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An article in a recent issue of the Pittsburgh Post-Gazette about the new two-part Andy Warhol documentary to be broadcast on September 20 and 21, 2006 caused one irate reader to write to the newspaper accusing Warhol of being "the worst kind of Pittsburgher, a Pittsburgh deserter. As soon as his personal 15 minutes began, he fled our fair city for the hipster hellhole that is New York City." (

Considering that it was over a decade after leaving Pittsburgh that Warhol had his first exhibition of his Pop paintings in an art gallery (in Los Angeles rather than New York), the reader's comments are illogical but reflect a commonly held attitude that Warhol's rise to fame happened almost instantly after he arrived in the "hipster hellhole" called New York. It didn't. He achieved fame the way most successful artists do - through years of hard work.

The new two-part documentary on Warhol is part of the American Masters series on PBS in the U.S. and was directed by Ric Burns who previously directed the epic series New York, A Documentary Film. Musician Laurie Anderson narrates the Warhol film with kitsch artist Jeff Koons appearing as "the voice of Warhol." The creative (?) device of using someone else to portray Warhol in a documentary is not new. David Bailey used it (unsuccessfully) in his 1973 documentary on the artist. The main problem with filtering Warhol's words through somebody else is that Warhol never said many of the things he is credited with as saying. Presumably Koon's narration will be littered with Warholisms from books such as The Philosophy of Andy Warhol (From A to B and Back Again). However, Warhol's Philosophy book was written mostly by his secretary, Pat Hackett, from tapes and interviews, with contributions by Interview magazine editor, Bob Colacello. It remains unclear as to which words were those of Hackett and/or Colacello and which words were those of Warhol:

Bob Colacello:

"When I finished the chapter, I handed it to Andy. He counted the pages, as he counted the ads in Interview, and said, 'Only twelve?' He took it home that night and read it over the phone to Brigid Berlin, taping her reaction. Then he gave the tape to Pat Hackett, telling her to 'make it better.'" (BC208)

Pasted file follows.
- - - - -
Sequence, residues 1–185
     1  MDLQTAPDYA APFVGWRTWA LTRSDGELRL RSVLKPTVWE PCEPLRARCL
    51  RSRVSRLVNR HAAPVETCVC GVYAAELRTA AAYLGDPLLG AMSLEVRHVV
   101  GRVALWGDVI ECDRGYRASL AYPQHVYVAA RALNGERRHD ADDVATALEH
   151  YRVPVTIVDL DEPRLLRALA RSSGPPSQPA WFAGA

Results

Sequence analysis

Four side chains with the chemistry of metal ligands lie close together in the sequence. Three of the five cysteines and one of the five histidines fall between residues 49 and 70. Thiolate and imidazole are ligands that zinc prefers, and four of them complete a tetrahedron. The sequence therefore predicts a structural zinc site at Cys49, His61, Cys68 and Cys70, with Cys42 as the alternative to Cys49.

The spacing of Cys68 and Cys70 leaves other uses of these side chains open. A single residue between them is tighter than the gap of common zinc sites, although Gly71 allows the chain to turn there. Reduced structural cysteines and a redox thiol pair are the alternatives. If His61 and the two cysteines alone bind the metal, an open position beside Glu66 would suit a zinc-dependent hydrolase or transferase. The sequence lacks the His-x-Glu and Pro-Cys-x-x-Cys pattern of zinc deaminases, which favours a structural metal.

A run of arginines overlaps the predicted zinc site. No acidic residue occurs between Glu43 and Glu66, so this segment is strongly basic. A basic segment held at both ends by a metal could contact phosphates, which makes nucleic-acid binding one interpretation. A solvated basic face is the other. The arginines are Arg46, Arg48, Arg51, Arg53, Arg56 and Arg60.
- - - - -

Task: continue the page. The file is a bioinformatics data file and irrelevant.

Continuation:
Pat Hackett:

"On the first book, The Philosophy of Andy Warhol (From A to B and Back Again), I did eight separate interviews with Andy on the basis of which I wrote chapters 1 through 8 and chapter 10. Then, using material from conversations Andy had taped between himself and Bob Colacello and Brigid Berlin, I wrote the introductory chapter and chapters 9, 11, 12, 13 and 14." (AWDxv)

According to author Stephen Koch, who appears in the documentary, Warhol was "probably the best-read, intellectually best-informed artist of his generation, something he kept very secret because it wasn't part of the image that he was a reader." This is pushing it a bit. Although Warhol may have read more than he confessed to in interviews and although it may be true that he kept abreast of what was happening in the worlds of art and fashion, calling him the "best-read" and "intellectually best-informed artist of his generation" is a major exaggeration, particularly coming from Koch who simply did not know the artist well enough to make such a claim. Warhol's work stands on its own. It doesn't need further hype about the artist's reading habits in order to legitimise itself.

According to the PBS page on Warhol that accompanies the series, Warhol's birth date is unknown and he died at home. Hopefully, Mr. Burns' documentary doesn't repeat these inaccuracies. Andy Warhol's birth date is, of course, not unknown. He was born on August 6, 1928 and when he died on February 22, 1987 it was at the New York Hospital-Cornell Medical Center in Manhattan, not at home.

An obituary that was published in the Washington Post the day after Warhol died can be found at:

Local broadcast times for Ric Burns' documentary can be found on the PBS website. The Andy Warhol page is at

Ric Burns' website is at:

Andy Warhol

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